Bush Hints that he Will send More Troops
Dozens Killed in Continued Violence
Bush seems likely to try the “surge” tactic in Iraq of putting in substantially more troops, perhaps 20,000, in an attempt to take Baghdad and clear it of ‘terrorists.’
Hope springs eternal in the human breast, which is the only explanation for adopting this stupid idea. The Iraqi masses are now politically mobilized, and they are well armed. There are 27 million Iraqis, and some 6 million of them in the Sunni Arab areas. 20,000 US troops is a drop in the bucket. Some are saying the US should try to destroy the (Shiite) Mahdi Army. The Mahdi Army is an urban social movement, and cannot be destroyed by conventional military forces. Bush is about to take us on another destructive wild goose chase.
Bush will come to Congress for another $100 bn. for Iraq and Afghanistan (it mostly goes to Iraq). Bush puts this money “off budget” and then reporters don’t count it as part of the budget deficit!
Iraqi national security adviser Muwaffaq al-Rubaie suggested a new security plan for Baghdad, involving turning over patrols of more neighborhods to Iraqi troops. This has been tried before and it does not work.
Former appointed PM Iyad Allawi is calling for martial law in Iraq. Martial law is something you do when you have a strong army, and politics has broken down and threatens security. It isn’t something you do when you have a green and ineffective army and the political negotiations are ongoing.
Al-Sharq al-Awsat reports that Iraqi Shiite cleric and politician, Abdul Aziz al-Hakim said Wednesday that Iraq has become a base for terror and that no one is happy with the state of security in the country.
Al-Hakim recently called for US troops to remain in Iraq.
Ben Lando of UPI reports that negotiations between the Iraqi central government and the Kurdistan Regional Government over who is in control of petroleum found in Kurdistan and what the terms will be for its development are stalled. Qubad Talabani, the KRG spokesman, said that the Kurds would no longer be held hostage by Baghdad. The idea, seemingly enshrined in the Iraqi constitution, that regional governments can claim 100% control of all new gas and petroleum reserves is a way of guaranteeing the break-up of Iraq. Lando writes:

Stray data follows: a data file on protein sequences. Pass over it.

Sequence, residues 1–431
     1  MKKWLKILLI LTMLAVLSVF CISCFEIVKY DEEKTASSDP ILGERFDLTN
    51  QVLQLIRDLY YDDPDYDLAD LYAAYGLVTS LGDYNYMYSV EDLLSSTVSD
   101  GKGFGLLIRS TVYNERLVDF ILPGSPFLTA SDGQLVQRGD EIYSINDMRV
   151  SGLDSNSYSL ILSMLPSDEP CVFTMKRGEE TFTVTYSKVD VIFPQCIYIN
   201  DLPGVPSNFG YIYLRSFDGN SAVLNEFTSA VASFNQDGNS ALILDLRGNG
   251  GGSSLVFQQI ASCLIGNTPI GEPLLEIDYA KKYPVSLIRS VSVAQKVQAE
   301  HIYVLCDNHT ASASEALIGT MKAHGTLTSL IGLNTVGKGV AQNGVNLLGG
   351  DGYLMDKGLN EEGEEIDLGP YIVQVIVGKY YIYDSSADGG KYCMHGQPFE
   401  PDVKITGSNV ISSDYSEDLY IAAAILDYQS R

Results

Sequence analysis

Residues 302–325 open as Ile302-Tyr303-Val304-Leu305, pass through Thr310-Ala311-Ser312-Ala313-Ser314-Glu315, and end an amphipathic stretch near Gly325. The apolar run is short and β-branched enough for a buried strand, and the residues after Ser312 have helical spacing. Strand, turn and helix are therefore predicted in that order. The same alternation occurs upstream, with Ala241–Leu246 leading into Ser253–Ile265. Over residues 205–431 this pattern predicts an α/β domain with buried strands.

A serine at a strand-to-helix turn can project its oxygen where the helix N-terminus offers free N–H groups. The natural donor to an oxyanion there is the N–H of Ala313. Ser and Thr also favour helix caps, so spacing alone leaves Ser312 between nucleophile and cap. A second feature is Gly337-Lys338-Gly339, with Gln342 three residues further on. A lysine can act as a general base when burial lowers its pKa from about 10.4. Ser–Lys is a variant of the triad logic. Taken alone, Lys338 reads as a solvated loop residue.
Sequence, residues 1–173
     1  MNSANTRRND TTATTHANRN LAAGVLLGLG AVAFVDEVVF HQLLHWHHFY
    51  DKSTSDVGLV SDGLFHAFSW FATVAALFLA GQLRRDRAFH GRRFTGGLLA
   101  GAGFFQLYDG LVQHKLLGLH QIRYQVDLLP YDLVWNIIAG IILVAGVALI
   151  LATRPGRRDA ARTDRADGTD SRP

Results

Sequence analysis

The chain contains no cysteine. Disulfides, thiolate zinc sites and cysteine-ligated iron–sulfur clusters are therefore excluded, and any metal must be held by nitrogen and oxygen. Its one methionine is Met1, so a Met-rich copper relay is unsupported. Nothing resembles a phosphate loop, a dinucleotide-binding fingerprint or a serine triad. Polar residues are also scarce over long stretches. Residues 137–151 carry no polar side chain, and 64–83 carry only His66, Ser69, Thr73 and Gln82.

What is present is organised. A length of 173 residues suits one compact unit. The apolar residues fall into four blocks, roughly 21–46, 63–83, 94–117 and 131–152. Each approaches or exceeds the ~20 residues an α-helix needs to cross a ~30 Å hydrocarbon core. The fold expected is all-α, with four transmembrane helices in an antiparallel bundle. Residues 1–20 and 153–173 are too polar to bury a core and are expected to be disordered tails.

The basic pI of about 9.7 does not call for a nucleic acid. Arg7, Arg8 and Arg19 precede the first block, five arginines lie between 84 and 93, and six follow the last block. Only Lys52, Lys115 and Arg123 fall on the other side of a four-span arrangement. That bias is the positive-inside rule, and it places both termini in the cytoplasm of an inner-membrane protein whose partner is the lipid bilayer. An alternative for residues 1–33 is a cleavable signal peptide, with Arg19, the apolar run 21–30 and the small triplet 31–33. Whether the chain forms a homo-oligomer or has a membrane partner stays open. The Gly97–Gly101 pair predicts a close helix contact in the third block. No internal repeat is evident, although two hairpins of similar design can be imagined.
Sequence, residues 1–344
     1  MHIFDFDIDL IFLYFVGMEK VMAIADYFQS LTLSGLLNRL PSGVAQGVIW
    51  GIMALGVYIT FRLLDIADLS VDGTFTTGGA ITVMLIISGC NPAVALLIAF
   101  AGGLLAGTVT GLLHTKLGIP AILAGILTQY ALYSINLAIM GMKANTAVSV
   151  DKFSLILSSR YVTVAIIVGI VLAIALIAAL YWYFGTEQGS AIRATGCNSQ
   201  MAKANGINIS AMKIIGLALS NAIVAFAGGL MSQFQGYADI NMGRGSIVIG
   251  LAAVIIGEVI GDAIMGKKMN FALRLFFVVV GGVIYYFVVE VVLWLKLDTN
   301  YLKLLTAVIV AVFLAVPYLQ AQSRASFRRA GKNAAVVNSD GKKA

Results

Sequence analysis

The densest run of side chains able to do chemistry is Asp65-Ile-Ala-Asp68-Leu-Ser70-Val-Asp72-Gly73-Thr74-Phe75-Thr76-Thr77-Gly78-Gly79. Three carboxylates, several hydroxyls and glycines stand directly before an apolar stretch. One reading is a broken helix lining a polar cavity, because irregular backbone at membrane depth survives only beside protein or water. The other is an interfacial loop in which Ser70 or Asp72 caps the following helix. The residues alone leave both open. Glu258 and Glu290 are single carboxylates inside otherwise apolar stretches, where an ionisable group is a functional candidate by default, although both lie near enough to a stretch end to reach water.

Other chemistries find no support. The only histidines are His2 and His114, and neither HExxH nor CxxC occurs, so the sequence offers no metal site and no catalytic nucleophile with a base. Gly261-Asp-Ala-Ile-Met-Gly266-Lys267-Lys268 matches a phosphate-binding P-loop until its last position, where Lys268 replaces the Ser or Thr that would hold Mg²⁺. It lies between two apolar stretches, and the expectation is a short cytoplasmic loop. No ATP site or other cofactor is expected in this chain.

‘ News reports over the weekend claimed a deal on the oil law was close, though Talabany explained each glossed over major remaining issues.
He said while the Kurds have compromised on oil revenue sharing and allowing the central government to be responsible for this collecting and redistributing it, “the mechanisms for distribution of revenues have not been agreed upon yet.”
He said oversight, technical and constitutional details “to ensure regions get their share of revenues” have not been finalized. This comes from the fear a central government, be it fueled by greed or a sectarian agenda, will not deliver on the money a region may be due. ‘
Jordan and Iraq may sign a protocol on security cooperation. Something like 15% of Jordan’s population is now made up of expatriate Iraqis, and its own security is wrought up with that of Iraq (which is to say that that little kingdom is in big danger as we speak).
Some say there are as many as a million Iraqis in Syria, or around 5% of the some 19 million population. The UN High Commission on Refugees has run out of money to help them.
A kind reader sent along a link to this article from the SF Chronicle on Prince Turki al-Faisal, who recently resigned as Saudi Ambassador to the US. Excerpt:
‘ On the future of Iraq, Turki is encouraging direct negotiations with Iran and Syria, and is cautioning Washington not to consider partitioning Iraq into separate states of Kurds, Sunnis and Shiites. ‘
That doesn’t sound very much like Riyadh’s foreign policy, and may be among the reasons Prince Turki is outgoing. If so, a shame.
Reuters reports political violence in Iraq on Wednesday. Dozens died from car bombings and assassinatons.
Be sure to catch the new Engelhardt and Schwarz pieces at Tomdispatch.com.
Check out this new Iraq news site, Iraqslogger.
Peter Bergen and Michael Lind argue that terrorism is fueled not by poverty but by humiliation.